politics

The Divine Right Of Kings Falters At The Ballot Box

First thoughts on the UK election of 8 June 2017.

As a result of the vote, do people sense they have the power to change things – that they actually can make a difference with their vote?

Does anyone not think it was a misjudgement by the Conservative leadership to think they could so easily carry the election.

Does anyone not think it was hubris for the Conservative leadership to call an election at all when they did not need to?

The result undermines the belief of those core Conservative voters who have for many years, perhaps their whole lives, believed in something akin to the divine right of kings – the right of the Conservatives to govern because ‘they know how to govern’.

On the showing at this election, capping the performance of David Cameron at the Brexit vote – they have shown that they do not know how to govern any more than does any other party.

A threat to the throne would cause normally core Conservative voters to rally around the Party, but this foolish error of judgement could mean a loss of core Conservative voters at a future election.

But where would they go?

Is this the first, faltering step towards a European model of proportional representation?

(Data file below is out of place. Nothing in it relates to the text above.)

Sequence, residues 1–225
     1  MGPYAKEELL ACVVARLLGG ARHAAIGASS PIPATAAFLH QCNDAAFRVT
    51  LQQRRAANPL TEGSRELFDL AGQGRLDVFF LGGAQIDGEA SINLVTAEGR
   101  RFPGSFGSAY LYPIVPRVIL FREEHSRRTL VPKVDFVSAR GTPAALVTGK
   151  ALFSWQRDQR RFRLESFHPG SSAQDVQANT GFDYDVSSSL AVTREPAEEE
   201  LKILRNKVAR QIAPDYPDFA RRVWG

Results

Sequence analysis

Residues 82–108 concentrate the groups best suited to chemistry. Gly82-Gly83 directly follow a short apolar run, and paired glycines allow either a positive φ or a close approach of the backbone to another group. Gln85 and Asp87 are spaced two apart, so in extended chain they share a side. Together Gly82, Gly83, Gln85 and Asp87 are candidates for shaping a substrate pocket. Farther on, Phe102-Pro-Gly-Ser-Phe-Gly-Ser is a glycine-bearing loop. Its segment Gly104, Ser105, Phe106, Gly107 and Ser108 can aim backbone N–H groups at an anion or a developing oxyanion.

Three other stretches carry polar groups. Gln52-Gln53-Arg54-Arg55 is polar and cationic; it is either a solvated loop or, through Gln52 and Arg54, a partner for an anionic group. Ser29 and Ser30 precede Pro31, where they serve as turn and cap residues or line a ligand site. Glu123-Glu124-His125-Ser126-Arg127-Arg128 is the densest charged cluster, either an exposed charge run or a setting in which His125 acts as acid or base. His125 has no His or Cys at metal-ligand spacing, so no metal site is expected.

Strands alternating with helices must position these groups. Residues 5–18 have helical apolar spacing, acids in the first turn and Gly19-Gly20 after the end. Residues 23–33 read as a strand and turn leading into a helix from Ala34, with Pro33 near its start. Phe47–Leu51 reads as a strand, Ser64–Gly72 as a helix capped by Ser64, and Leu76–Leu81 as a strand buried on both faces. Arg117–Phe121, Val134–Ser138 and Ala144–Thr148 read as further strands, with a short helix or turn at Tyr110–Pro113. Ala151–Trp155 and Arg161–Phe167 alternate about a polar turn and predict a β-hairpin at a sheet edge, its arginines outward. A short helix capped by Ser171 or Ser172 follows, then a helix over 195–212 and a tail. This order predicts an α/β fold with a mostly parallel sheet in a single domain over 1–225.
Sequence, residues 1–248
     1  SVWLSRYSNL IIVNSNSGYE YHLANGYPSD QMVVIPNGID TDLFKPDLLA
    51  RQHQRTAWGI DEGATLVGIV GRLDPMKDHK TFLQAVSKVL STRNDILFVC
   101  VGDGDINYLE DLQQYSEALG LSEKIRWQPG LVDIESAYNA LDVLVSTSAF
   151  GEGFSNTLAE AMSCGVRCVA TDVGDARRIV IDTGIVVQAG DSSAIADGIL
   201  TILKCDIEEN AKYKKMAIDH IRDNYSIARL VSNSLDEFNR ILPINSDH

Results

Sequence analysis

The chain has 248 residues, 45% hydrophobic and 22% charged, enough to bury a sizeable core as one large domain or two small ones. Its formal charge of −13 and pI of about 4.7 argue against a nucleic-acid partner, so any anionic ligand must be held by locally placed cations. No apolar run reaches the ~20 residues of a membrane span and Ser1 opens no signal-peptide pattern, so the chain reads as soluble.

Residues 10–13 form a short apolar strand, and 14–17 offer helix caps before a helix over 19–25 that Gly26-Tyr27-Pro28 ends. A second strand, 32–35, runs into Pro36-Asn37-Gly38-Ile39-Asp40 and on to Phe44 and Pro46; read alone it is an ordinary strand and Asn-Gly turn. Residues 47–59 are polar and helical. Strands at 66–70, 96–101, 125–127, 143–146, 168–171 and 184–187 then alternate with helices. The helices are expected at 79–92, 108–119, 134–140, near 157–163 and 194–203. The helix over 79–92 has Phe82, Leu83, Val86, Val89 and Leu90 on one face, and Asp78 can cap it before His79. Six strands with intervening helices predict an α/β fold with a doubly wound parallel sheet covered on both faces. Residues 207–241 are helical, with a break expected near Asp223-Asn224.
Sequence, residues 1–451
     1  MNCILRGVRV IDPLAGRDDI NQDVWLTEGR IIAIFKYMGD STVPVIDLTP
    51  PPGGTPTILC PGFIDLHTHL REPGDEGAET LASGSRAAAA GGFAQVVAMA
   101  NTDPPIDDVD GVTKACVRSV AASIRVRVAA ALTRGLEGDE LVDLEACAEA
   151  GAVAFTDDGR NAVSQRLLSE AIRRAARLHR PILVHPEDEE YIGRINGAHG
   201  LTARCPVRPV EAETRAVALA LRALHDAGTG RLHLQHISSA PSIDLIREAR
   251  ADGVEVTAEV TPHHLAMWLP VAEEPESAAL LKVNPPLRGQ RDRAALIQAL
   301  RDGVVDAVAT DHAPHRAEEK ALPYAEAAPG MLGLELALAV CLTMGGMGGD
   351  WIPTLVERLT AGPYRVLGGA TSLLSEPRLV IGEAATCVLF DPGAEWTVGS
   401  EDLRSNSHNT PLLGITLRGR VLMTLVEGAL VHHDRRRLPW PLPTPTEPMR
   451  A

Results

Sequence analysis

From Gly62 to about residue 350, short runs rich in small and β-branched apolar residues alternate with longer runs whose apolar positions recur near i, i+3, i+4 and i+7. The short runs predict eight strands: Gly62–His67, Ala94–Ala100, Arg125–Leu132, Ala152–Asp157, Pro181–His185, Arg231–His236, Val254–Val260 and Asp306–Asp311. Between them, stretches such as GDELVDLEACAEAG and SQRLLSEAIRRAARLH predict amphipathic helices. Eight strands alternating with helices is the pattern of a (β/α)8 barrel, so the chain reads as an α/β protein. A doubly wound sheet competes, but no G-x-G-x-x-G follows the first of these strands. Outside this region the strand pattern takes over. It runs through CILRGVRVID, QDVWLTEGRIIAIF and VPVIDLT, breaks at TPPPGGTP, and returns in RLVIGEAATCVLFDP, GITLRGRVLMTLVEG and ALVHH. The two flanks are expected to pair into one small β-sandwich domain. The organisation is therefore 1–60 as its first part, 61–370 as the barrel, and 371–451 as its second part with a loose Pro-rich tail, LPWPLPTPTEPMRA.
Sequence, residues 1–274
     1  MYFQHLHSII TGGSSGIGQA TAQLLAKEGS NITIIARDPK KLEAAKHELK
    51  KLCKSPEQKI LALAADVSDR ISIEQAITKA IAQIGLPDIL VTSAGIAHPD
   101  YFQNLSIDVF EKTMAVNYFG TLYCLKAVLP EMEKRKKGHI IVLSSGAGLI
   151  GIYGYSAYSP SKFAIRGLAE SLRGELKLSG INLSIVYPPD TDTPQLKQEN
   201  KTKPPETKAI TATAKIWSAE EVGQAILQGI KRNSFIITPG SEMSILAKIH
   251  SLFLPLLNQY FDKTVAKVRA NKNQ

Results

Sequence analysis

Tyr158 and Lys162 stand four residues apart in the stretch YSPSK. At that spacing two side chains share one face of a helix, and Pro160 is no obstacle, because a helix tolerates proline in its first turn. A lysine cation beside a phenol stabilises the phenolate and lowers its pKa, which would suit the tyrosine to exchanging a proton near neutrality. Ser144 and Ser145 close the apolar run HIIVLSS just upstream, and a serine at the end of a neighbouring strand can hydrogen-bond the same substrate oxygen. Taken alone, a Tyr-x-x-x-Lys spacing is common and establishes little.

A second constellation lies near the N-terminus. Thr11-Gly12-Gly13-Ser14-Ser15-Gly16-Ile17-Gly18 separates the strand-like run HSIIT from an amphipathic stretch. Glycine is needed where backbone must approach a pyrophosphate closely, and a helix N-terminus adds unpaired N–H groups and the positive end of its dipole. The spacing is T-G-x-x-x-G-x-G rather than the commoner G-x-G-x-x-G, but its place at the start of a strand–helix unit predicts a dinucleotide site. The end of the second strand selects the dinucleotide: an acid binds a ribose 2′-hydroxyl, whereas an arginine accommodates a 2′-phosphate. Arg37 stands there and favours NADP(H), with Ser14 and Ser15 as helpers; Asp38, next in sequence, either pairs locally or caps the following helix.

society

But Is It True

Repeat a lie often enough and people will begin to believe it.

The moon is made of cheese

The moon is made of cheese. I mean, how many times would I have to repeat that before people began to believe it? And if I were king or prime minister or president with all the channels for disseminating information at my disposal and I said it, how long would it take before people began to believe it?

Come on, think about it. The sentence ‘Repeat a lie often enough and people will begin to believe it.’ is an example of a sentence said often enough. But is it true? Will people begin to believe a lie said often enough?

‘Where There’s Smoke, There’s Fire’, is the other side of the coin. Accuse a man of something and unless he is proven beyond all doubt to be innocent, then some people will continue to believe there is some truth in the accusation.

That is as much a criticism of the dark, suspicious part of people’s minds as it is a saying that there is always something behind every suspicion.

And perhaps the lie perpetuated as truth appeals to the same part of people’s minds.